Boiling Point (2021)
I was wondering when we would hit it. The point, I mean. Stephen Graham is known for portraying roles that usually have a short fuse as well as temper. You could argue that if he blew his top right from the get-go, it wouldn't be a huge surprise.
He does go a bit loco, of course. When it was pitched to him, you can imagine the conversation. "We need you to be Gordon Ramsey, but by parts, more troubled and annoyed." I'm sure he snapped their hands off. It seems like dream casting, because if you know Graham, you know he is so much more than an angry Scouser that cooks food.
And there is more to this than just shouting at the poor unfortunate souls under his charge. Among the noise and hubbub, there are lives continuing for them all, beyond the confines of the kitchen, which we witness too, albeit briefly. The direction and pacing of the project is true to what you imagine a busy restaurant to be like. Heat, creativity, speed and perfectionism all play their part here as they would in reality and the project should be lauded for that.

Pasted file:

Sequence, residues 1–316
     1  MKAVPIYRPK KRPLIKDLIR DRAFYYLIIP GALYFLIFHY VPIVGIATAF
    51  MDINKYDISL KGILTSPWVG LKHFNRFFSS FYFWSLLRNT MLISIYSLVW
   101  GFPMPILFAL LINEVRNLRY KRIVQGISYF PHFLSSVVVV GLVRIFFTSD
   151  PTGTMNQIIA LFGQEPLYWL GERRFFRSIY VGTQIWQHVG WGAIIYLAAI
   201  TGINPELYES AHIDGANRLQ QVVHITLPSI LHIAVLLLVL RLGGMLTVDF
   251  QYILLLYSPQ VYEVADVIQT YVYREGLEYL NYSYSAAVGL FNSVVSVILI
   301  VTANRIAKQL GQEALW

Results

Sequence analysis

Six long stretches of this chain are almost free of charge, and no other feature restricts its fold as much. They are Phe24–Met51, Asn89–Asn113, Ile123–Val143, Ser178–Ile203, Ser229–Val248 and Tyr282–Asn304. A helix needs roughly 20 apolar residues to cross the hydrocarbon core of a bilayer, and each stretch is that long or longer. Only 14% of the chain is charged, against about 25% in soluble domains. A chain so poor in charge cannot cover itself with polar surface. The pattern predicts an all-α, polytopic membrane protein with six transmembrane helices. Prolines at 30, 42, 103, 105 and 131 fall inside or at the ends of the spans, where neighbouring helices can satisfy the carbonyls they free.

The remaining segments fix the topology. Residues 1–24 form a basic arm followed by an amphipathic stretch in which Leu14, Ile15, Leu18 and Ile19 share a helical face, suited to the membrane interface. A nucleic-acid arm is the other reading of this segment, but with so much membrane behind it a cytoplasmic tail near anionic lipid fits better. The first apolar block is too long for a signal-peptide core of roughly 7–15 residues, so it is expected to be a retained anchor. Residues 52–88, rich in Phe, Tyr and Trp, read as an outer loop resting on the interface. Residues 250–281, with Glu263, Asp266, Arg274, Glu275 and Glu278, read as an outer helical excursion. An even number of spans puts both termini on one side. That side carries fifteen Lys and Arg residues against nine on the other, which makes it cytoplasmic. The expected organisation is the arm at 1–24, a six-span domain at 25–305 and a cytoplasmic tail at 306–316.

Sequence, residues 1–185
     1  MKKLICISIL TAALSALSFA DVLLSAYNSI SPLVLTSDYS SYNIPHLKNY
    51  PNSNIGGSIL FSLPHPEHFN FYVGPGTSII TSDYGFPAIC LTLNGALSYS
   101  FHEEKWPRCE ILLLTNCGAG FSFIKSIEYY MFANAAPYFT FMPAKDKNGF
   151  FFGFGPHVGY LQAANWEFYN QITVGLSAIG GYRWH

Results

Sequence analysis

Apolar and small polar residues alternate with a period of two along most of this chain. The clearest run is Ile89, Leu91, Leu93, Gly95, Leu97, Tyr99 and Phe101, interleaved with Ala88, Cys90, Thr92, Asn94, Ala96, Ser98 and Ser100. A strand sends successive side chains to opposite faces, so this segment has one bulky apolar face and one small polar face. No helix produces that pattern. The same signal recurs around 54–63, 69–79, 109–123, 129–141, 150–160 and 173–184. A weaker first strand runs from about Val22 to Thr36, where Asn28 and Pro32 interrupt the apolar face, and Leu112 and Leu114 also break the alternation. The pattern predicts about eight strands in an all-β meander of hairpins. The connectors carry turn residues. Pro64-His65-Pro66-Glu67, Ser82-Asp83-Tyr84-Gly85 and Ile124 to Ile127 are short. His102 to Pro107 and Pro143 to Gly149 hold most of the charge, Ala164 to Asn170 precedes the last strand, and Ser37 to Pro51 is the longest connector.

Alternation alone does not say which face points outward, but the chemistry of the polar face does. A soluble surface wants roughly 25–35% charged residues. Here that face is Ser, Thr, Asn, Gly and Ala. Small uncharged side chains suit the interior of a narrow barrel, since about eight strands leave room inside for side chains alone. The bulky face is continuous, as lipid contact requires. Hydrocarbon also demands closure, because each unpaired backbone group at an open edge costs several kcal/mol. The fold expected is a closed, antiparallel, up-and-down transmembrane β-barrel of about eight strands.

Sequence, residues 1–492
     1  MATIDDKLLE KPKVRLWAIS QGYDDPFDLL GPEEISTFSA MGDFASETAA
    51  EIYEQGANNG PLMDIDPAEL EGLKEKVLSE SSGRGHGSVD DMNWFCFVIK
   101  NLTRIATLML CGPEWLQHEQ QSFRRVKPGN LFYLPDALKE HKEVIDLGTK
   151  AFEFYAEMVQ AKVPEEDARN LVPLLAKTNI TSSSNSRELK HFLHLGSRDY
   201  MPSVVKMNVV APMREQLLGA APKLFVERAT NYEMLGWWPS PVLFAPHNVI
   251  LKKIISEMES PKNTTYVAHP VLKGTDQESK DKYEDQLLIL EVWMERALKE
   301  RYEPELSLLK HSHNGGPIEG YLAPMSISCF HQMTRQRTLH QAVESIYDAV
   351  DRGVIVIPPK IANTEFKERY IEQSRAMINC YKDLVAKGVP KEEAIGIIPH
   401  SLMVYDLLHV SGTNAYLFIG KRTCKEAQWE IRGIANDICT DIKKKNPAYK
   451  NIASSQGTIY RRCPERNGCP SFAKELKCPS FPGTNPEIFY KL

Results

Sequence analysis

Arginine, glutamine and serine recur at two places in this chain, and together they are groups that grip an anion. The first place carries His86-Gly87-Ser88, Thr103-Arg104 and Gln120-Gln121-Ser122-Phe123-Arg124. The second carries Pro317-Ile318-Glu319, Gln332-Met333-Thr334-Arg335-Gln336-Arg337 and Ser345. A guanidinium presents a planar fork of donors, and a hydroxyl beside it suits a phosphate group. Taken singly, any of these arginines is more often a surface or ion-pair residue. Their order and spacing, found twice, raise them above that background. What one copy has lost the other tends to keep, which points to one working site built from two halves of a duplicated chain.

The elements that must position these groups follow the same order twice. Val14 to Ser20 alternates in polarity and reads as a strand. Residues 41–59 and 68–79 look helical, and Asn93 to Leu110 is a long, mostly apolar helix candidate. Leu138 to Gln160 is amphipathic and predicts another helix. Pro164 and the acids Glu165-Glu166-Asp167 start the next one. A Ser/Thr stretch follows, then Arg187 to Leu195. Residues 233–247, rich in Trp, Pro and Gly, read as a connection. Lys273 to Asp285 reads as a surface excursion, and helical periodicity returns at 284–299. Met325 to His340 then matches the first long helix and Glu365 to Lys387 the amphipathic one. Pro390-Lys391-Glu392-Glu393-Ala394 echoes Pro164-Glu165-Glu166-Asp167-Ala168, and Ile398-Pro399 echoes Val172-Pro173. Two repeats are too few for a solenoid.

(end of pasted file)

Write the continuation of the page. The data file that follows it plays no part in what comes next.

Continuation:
All taking part on one evening, on the busiest night of the year, there are a myriad of potential nightmares to navigate safely through, which seems like an impossible task at times. Shot in a one-take, fly-on-the-wall style, the logistics must have been a nightmare, just on their own, so the director, Philip Barantini, must be commended for keeping it as real as he does under potentially overwhelming circumstances.
The acting is so good as to forget that all of these people don't do this for a living everyday, and whilst the story is somewhat predictable at times, it is no less engaging for it. The point, as I said, does arrive, like an unavoidable steam train laying waste to everything in a final third that is completely riveting.
Outstanding all over. Highly recommended.